Grey Walter's most famous work was his construction of some of the first electronic autonomous robots. He wanted to prove that rich connections between a small number of brain cells could give rise to very complex behaviors - essentially that the secret of how the brain worked lay in how it was wired up. His first robots, which he used to call Machina speculatrix and named Elmer and Elsie, were constructed between 1948 and 1949 and were often described as tortoises due to their shape and slow rate of movement - and because they "taught us" about the secrets of organisation and life. The three-wheeled tortoise robots were capable of phototaxis, by which they could find their way to a recharging station when they ran low on battery power.
In one experiment he placed a light on the "nose" of a tortoise and watched as the robot observed itself in a mirror. "It began flickering," he wrote. "Twittering, and jigging like a clumsy Narcissus." Walter argued that if it were seen in an animal it "might be accepted as evidence of some degree of self-awareness."
One of the tortoises was modified, (given the pretend scientific name Machina docilis) and had added to its simple single celled "brain" one, then two conditional reflex circuits in which they could be taught simple behaviors similar to Ivan Pavlov's dogs. This tortoise was called CORA. One of these included being hit meant food whilst whistling means food, and when conditioned such a whistle by itself means being hit. When he added another circuit tuned to a whistle of another pitch, this could become whistle means being hit, whistle means food, this would make the animal become "afraid" whenever food was presented. Walter remedied this behaviour by severing the two additional circuits, and the tortoise reverted to being a Machina speculatrix. The conditioned reflex behaviour was later placed into a static desktop model, also known as CORA.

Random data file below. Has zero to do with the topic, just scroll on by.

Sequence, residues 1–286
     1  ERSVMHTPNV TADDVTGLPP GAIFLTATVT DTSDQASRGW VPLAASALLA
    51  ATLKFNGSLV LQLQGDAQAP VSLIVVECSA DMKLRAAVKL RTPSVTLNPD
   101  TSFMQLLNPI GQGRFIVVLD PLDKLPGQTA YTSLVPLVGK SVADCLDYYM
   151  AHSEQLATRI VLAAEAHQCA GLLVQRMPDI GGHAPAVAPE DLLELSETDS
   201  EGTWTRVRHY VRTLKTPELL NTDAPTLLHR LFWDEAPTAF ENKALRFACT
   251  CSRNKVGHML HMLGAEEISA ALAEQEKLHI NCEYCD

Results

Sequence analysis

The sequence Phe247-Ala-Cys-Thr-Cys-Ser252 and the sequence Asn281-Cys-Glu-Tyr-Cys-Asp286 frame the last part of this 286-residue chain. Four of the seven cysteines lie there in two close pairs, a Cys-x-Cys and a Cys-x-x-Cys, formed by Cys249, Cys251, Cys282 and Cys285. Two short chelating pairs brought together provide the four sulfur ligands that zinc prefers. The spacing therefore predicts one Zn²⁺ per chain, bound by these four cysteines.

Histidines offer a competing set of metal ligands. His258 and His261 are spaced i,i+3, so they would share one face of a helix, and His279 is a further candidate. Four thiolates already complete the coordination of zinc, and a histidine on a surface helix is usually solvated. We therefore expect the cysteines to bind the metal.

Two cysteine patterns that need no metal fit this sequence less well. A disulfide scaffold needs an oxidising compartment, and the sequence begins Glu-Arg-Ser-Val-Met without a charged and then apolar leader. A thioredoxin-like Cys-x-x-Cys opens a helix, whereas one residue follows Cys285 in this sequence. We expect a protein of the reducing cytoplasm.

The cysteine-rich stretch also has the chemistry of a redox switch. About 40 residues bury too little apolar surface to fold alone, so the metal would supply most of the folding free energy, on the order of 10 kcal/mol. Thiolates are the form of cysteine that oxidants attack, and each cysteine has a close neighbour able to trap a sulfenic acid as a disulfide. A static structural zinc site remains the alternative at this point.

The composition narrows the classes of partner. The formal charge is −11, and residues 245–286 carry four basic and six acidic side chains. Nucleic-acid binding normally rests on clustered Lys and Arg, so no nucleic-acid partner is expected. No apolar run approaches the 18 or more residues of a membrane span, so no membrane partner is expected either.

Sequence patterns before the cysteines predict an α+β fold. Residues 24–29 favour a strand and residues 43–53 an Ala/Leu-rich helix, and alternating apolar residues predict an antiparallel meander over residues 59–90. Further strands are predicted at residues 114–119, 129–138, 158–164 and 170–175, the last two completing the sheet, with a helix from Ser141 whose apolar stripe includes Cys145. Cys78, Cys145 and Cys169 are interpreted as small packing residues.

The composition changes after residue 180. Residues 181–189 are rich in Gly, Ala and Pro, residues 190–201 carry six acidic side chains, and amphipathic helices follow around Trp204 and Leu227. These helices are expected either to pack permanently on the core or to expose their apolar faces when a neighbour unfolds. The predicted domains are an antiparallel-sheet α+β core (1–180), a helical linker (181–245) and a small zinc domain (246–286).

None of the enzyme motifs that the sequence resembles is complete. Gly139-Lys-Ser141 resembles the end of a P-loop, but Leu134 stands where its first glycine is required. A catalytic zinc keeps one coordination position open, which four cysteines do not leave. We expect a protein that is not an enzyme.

Later versions of Machina speculatrix were exhibited at the Festival of Britain in 1951. Walter stressed the importance of using purely analogue electronics to simulate brain processes at a time when his contemporaries such as Alan Turing and John von Neumann were all turning towards a view of mental processes in terms of digital computation. His work inspired subsequent generations of robotics researchers, including Rodney Brooks, Hans Moravec and Mark Tilden. Modern incarnations of Walter's turtles may be found in the form of BEAM robotics.
An original tortoise is on display in London UK in the Science Museum's Making the Modern World gallery. Recently, one was also replicated by Dr. Owen Holland, of the University of the West of England in 1995 - using some of the original parts. An original tortoise as seen at the Festival of Britain is in the collection of the Smithsonian Institution.
Walter's papers including his letters, photographs and press cuttings form part of the Burden archive held at the Science Museum Library & Archives in Wroughton Science Museum at Wroughton.